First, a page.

Tags: Writing Scientific Term PapersPoem At Thirty Nine Alice Walker EssaysWriting A Masters EssayEssay On PaparazziMathematics Homework HelpWriting Without Tears PaperTheory Of Knowledge Essays Ib
One simple answer is that many people were driven from, or decided to leave, their countries of origin either for economic reasons (they lived in poverty or could see no future for themselves at home) or because of political, religious and/or racial persecution. [In the following essay, Lane examines the history and diversity of literature written by authors who immigrated to the United States, focusing on the unique ethnic attributes and perspectives that the various immigrant groups have brought to the body of American literature.] OVERVIEW OF THE LITERATURE OF THE U. IMMIGRANT EXPERIENCE A basic question needs to be asked at the outset: why did so many people emigrate to the Unites States of America?Another fact was that many jobs waited for people in the rapidly expanding industries.
that is the central fact about housing in the industrial areas: not that the houses are poky and ugly, and insanitary and comfortless, or that they are distributed in incredibly filthy slums around belching foundries and stinking canals and slag-heaps that deluge them with sulphurous smoke …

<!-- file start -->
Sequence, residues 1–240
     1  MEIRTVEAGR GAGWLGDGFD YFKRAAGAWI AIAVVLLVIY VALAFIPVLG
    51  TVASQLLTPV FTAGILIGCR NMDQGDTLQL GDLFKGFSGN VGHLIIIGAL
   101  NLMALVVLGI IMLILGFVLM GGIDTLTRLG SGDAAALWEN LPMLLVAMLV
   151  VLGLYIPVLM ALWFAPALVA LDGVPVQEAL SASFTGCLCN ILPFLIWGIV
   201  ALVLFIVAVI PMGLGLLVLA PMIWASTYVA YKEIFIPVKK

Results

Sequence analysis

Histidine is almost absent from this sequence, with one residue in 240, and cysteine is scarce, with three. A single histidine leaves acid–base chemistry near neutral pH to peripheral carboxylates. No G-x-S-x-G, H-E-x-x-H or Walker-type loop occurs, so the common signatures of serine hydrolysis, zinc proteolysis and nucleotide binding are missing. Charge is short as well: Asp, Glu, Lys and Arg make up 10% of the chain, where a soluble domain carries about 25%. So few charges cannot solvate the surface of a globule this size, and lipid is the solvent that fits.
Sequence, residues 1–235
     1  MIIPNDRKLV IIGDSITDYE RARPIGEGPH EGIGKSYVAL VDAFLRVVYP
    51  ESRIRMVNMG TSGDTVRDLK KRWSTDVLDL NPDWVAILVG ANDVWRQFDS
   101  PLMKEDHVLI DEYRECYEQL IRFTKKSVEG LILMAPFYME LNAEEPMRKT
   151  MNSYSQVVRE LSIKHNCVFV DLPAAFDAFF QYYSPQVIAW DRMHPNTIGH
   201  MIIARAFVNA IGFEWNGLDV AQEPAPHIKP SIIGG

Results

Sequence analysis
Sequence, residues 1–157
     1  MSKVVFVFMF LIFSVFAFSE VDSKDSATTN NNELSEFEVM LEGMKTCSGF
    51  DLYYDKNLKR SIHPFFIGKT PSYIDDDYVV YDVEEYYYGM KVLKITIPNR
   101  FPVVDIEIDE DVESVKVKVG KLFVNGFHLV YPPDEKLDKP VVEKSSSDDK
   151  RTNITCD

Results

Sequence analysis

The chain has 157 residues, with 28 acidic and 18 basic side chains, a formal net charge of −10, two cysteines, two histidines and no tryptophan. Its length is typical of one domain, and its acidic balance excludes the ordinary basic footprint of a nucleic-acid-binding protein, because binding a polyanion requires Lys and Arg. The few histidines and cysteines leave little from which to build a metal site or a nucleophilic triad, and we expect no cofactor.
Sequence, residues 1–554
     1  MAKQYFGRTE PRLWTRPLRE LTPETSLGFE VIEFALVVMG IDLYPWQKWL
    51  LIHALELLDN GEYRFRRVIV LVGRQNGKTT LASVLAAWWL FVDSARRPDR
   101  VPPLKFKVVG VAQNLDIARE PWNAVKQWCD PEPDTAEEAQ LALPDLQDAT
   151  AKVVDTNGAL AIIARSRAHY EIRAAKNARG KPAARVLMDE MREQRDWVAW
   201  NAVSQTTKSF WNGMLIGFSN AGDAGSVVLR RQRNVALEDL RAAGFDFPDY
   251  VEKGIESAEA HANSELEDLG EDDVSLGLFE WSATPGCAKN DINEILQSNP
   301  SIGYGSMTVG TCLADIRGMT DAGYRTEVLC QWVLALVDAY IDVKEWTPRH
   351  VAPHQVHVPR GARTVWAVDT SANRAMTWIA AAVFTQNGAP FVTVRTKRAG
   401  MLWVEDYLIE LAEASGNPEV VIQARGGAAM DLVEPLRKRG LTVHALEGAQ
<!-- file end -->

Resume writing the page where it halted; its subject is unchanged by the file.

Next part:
but simply that there are not enough houses to go round.” Industrialization in European countries may have lead to higher wages, but not necessarily an improved standard of living; in Britain, for example, the various Enclosures Acts meant that many people were forced from the land into the cities and it was this loss of lifestyle that lead to deprivation; even in the previous poverty of rural life, access to freshly grown food or illegally hunted game, for example, was sometimes to be had.
For example, the adoption of, or learning about, an American way of life may also involve the painful and disturbing dismantling of earlier modes of existence.
That is not to say that such a ‘dismantling’ does not take place in the standard autobiography or bildungsroman, rather that it is a profoundly important component of the immigrant narratives, which focus not so much upon the construction of identity as the reconstruction of identity.
The industries of late nineteenth-century and early twentieth-century America needed a vast labor force who would work for relatively low wages (although these wages need to be put into the context of lands left behind, where poverty and even lower incomes were often the norm).
Immigrant Experience.” In Contemporary Literary Criticism, vol. America is a land of immigrants: they are the driving force of the economy, bringing intense ambition, a hunger to better oneself, a willingness to work, and most of all a relentless self-motivation that can be expressed in diverse ways, from the results of raw labor to those of education and cultural expression.
The psychology of emigration from one's ancient homeland is complex: decisions may be based upon a mixture of fact and fiction.
One fact was that the cost of travel to the US decreased significantly during the period of the Great Migration.
The immigrant experience was not entirely one of negative impetus and reasoning.
Another basic question needs to be asked: what were the positive reasons for coming to America?